• In some embodiments, an app query to the platform for quantifying the risks of apps for mobile devices initiates the process. For example, an enterprise app store (e.g., enterprise app store 118 as shown in FIG. 1, which can be implemented using a commercially available MDM solution) can communicate with a cloud service/web platform for quantifying the risks of apps for mobile devices (e.g., platform 116 as shown in FIG. 1) using a web service (e.g., RESTful web API or REST API) to communicate an app (e.g., one or more apps for the enterprise app store) that is to be automatically analyzed for a risk assessment by the cloud service/platform. In some embodiments, the Rest API supports auth tokens for providing authorization and authentication of such app queries to provide a secure communication mechanism. At 202, in response to the app query, a pre-screen analysis phase is performed that includes checking an app cache (e.g., a cache that includes information for apps that were previously analyzed by the platform). In some embodiments, if the platform has already analyzed that app (e.g., that particular version of the app), then the previously determined risk score (e.g., app reputation score and possible additional data) is returned (e.g., at near wire speed). This approach highlights the value of pre-screening apps (e.g., several hundreds of thousands of apps can have already been pre-screened by the platform using these techniques).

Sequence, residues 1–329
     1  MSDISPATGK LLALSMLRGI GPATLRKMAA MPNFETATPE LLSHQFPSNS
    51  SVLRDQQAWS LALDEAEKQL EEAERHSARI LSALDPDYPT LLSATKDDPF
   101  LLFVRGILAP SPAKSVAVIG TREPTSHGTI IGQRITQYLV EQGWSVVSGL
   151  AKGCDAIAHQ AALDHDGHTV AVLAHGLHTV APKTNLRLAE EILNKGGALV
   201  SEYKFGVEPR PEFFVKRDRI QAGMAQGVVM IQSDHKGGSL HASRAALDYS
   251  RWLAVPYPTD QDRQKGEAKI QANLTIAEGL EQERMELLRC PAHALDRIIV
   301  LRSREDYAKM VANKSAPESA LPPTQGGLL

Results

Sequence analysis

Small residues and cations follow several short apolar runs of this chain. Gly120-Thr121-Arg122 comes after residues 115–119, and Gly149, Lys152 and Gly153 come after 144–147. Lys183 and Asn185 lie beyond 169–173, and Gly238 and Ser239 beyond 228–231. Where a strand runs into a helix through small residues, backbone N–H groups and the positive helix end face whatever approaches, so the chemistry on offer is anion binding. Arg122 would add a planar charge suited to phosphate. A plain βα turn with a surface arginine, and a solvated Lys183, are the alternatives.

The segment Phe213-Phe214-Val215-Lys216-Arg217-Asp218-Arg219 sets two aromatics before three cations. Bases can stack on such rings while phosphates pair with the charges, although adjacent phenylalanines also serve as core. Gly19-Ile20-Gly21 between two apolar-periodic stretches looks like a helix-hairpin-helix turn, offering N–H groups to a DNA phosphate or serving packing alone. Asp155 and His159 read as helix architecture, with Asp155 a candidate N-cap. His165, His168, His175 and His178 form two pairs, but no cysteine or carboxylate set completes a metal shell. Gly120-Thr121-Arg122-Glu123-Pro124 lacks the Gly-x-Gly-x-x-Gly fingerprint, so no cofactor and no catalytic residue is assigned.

• In some embodiments, after uploading an application (e.g., an App container) using the Rest API, an application ID number is returned. For example, the application ID number can be used as a key to view the results or to perform more advanced analysis. In some embodiments, various fields are used including the following: an application data field is used to identify the app file; and an origin field is used to set the source (e.g., origin) of an app. For example, the origin field can be set to “public” or “private” depending on where the application came from, with “public” indicating that the app is from a public source (e.g., a public app store) and “private” indicating that the app is primarily used internally and not meant for general consumption. Among other restrictions, apps marked as private can be hidden from global app cache queries.